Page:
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For those who still like to play with the HP49/50 here are two tips that can not even be found in the paper about algebraic versus RPN programming by De Graeve and Parisse
Tip 1
In their examples they use recursion and say that you need to store the function/program under the same name as a global variable
There's a simple way to do away with such an unnecessary limitation and implement recursion in a clean lambda that can be stored in any name or executed directly from the stack without any external reference
Assign the program to a local variable with the name of the function and leave the parameters on the stack for evaluation
Here's an example of a recursive implementation of Factorial

« -> N
IF `N>2`
THEN `N*F(N-1)`
» -> F
Note that although this program uses pure algebraic code in the functional path it is an RPL program
But don't worry, the calculator is smart enough to recognize it and will take care of this in either mode in the editor

Tip 2
Those who like the challenge (or the torture) of pure algebraic programming De Graeve's paper states that in an algebraic program you need to create a nested scope block for every new local variable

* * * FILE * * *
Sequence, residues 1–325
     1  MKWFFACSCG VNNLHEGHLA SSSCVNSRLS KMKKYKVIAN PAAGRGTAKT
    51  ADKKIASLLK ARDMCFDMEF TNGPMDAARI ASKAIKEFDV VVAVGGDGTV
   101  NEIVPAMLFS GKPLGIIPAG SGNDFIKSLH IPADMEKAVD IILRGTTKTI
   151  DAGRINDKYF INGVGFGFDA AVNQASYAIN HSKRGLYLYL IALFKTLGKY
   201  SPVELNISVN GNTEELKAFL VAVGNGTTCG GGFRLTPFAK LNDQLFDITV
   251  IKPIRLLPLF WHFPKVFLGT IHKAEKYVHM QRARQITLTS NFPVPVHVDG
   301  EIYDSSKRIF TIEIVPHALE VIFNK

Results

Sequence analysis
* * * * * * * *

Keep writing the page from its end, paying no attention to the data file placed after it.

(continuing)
Syntactically you can indeed only define 1 local variable for every scope but there's a simple coding pattern that allows you to use an unlimited number of local variables without having to clutter your program with countless unnecessary nested scopes
Here's how it looks and this pattern can be used and edited in both RPN and ALG mode (you need to explicitly enter the back tick in RPN mode)
« -> P1 P2.... Pn
« `EVAL(0, 0, ..., 0,
« -> L1 L2... Ln
your code

The EVAL command passes all the initializer values to the scope which is its last parameter where they are used to initialize all the defined local variables
This pattern is extendable to any number of input parameters and local variables without the need of extra scope clutter
This pattern can be stored as a template and used for every new pure algebraic program you create in ALG as well as RPN mode

I'll give a program to calculate Fibonacci as an example
« -> N
« `EVAL(0,1,0,
« -> T F1 F2
WHILE (N-1|>N)>0
F2|>T ;
F1+F2|>F2 ;
T|>F1 ;
The |> is the algebraic STO command

Using what we learned here we can rewrite the program from tip 1 and make it pure algebraic, although this modification will make it less generic as the number of parameters of the encloing scope and the EVAL must now correspond to those of the function /program
« -> M
« `
« -> N 'IFTE(N>2,N*F(N-1),N)'
»` -> F
« `EVAL(M,F)`

Hope it's still useful after all these years that RPL has been decommissioned
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